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Hydrogen planes, electric propulsion and new regulations: Aviation is changing 

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A commercial plane takes off after sunset from Geneva Airport, Switzerland.

FABRICE COFFRINI | AFP | Getty Images

From the Wright brothers’ historic flight in 1903 to the development of supersonic aircraft, the history of aviation has been driven by technology and ambition.

Now, as the 21st century progresses, the sector continues to show its appetite for innovation and radical design.

Last September, for instance, a hydrogen fuel-cell plane capable of carrying passengers took to the skies over England for its maiden flight.

The same month also saw Airbus release details of three hydrogen-fueled concept planes, with the European aerospace giant claiming they could enter service by the year 2035.

More recently, United Airlines announced it had signed a commercial agreement to purchase aircraft from a firm called Boom Supersonic.

In a statement, United said the Overture aircraft — which is yet to be built — was set to be “optimized to run on 100% sustainable aviation fuel.”

All of the above are linked by a focus on technologies designed to reduce aviation’s environmental footprint. This represents a major task, even if the number of flights last year slumped due to the coronavirus pandemic.

According to the International Energy Agency, carbon dioxide emissions from aviation “have risen rapidly over the past two decades,” hitting almost 1 gigatonne in 2019. This, it notes, equates to “about 2.8% of global CO2 emissions from fossil fuel combustion.”

Elsewhere, the World Wildlife Fund describes aviation as “one of the fastest-growing sources of the greenhouse gas emissions driving global climate change.” It adds that air travel is “currently the most carbon intensive activity an individual can make.”

A variety of solutions

Iain Gray is director of aerospace at the U.K.’s Cranfield University. In a phone interview with CNBC, he described zero carbon as “the top priority” for the industry and sought to emphasize the importance of developing a range of solutions to tackle the challenge.

“The really big technology driver is around the propulsion system,” he explained, “but that doesn’t take away from the importance of new technologies around … new lightweight materials, enhanced carbon composite materials, and the systems itself.”

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Expanding on his point, Gray provided an example of why the innovations on planes flying above our heads should not be viewed in isolation. 

“There’s a lot of effort goes into reducing the weight on an aeroplane for it only to spend half an hour circling an airport,” he said.

“So the whole interaction of air traffic management with the aircraft itself is a … very important development and new technologies on airspace management are emerging all the time.”

The power of propulsion

Alongside the development of hydrogen fuel-cell planes there’s also been a lot of discussion around electric propulsion in recent years, with firms such as Volocopter and Lilium developing eVTOL, or electric vertical take-off and landing aircraft.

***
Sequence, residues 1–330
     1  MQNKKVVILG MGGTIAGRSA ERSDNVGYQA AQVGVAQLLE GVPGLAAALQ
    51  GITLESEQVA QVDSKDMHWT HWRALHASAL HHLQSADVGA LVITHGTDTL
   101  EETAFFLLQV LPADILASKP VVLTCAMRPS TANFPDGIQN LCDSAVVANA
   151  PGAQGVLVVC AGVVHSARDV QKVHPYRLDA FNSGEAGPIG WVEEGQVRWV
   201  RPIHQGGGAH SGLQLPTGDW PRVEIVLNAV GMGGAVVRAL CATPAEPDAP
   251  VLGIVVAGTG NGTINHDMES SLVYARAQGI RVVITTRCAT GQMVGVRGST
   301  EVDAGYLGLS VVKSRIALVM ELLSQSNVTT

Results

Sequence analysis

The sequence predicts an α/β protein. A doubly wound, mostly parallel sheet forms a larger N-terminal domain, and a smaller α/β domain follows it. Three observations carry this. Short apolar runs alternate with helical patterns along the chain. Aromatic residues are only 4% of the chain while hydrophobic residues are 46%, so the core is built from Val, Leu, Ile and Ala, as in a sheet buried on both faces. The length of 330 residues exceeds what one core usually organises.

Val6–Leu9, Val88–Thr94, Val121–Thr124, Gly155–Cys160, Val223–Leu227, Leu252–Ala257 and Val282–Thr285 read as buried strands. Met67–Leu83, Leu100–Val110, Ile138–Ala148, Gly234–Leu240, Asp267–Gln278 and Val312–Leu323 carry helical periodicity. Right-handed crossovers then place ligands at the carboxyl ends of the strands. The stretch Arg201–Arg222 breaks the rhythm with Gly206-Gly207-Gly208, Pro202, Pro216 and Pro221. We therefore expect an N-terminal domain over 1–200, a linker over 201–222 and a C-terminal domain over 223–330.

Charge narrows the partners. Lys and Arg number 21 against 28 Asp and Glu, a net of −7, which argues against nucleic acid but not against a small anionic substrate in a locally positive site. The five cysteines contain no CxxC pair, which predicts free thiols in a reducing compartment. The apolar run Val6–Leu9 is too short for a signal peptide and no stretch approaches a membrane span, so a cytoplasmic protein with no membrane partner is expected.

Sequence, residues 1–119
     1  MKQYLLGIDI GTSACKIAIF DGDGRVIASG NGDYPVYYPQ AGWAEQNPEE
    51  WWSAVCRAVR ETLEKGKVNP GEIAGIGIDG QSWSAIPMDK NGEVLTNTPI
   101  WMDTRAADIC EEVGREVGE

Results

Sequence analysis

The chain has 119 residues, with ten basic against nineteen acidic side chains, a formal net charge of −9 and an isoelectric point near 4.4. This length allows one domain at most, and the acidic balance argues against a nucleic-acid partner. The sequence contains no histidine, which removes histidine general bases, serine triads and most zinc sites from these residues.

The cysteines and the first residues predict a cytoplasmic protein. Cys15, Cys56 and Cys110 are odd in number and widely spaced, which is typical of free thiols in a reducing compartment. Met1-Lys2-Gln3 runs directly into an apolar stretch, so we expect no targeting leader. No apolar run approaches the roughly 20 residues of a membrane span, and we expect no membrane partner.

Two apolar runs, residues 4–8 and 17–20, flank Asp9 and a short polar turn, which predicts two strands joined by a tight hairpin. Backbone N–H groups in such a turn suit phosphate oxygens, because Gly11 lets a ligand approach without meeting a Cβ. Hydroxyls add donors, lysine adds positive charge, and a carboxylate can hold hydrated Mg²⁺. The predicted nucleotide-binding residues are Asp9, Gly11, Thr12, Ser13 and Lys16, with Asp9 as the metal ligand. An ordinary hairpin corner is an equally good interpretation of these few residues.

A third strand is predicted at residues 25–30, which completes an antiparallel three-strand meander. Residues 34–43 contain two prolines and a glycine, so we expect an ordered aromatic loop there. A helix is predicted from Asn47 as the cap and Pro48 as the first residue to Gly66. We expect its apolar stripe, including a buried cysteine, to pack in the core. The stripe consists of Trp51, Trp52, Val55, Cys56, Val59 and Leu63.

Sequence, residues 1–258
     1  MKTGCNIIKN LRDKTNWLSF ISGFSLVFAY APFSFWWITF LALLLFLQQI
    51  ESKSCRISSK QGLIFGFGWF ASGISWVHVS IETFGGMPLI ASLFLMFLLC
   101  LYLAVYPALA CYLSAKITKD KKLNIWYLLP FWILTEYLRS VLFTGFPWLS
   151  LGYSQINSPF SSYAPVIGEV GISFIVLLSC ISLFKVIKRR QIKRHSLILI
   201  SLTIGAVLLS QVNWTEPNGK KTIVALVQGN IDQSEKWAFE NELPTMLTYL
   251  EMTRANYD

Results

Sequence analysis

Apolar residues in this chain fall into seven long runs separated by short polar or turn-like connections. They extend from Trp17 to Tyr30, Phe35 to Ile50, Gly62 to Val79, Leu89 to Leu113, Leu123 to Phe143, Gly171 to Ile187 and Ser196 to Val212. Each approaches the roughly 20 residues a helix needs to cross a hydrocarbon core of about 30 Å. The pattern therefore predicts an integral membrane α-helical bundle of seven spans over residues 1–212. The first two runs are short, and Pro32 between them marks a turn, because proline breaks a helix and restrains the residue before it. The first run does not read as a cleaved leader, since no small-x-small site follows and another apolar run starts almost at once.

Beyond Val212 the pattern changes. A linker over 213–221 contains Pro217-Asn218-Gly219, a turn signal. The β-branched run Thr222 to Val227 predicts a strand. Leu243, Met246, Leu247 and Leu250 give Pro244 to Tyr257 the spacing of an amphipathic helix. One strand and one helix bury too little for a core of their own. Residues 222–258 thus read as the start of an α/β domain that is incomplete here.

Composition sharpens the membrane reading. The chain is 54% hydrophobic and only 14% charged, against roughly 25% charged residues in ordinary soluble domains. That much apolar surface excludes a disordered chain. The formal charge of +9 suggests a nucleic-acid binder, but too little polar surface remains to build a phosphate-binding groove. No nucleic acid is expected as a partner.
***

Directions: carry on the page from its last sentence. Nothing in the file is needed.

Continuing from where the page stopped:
The key with technologies such as these is the types of journeys to which they can be applied.

“If you look at hydrogen fuel cells and you look at batteries, that really is very much aimed at the smaller aircraft, that’s the sub 1,000 kilometer range,” Cranfield’s Iain Gray said.

“You have to do that in a zero carbon way, there’s no question,” he added. “Is that going to make a big difference to the overall CO2 contributions that aviation makes? No.”

“We need to focus on the longer range flights, flights greater than 1,000 kilometers, flights greater than 3,000 kilometers in particular.”

Fueling change

This focus on long-haul trips will be important in the years ahead, even though they make up a small proportion of flights.  

According to a sustainability briefing from Eurocontrol published earlier this year, “some 6% of flights from European airports were long-haul” in 2020, measuring over 4,000 kilometers (around 2,485 miles) in length.

The intergovernmental organization went on to state that “more than half of European aviation’s CO2 emissions were from this tiny proportion of the overall number of flights.”

This viewpoint was echoed by Jo Dardenne, aviation manager at Transport & Environment, a campaign group headquartered in Brussels.

“We shouldn’t forget that the biggest chunk of aviation emissions are linked to long haul flights because you fly longer, you fly higher,” she told CNBC.

“So all in all you’re producing more CO2 … those long haul flights can only be decarbonized by replacing the kerosene that they’re using.”

It’s on these longer journeys that sustainable aviation fuel could have a significant role to play in the future.

Although the European Union Aviation Safety Agency says there’s “not a single internationally agreed definition” of sustainable aviation fuel, the overarching idea is that it can be used to reduce an aircraft’s emissions.

For its part, Airbus describes SAF as being “made from renewable raw material.” It adds that the most common feedstocks are based on crops or used cooking oil and animal fat.

“Currently, the big challenges of sustainable aviation fuel are producing it in the right volumes that are required, and at the right cost point,” Cranfield’s Gray said.

The provenance of feedstocks used for SAF is also important, he explained. “If what you’re doing … to produce sustainable aviation fuel is transporting fuel right across the world using feedstocks from the other side of the planet, then is it really sustainable?”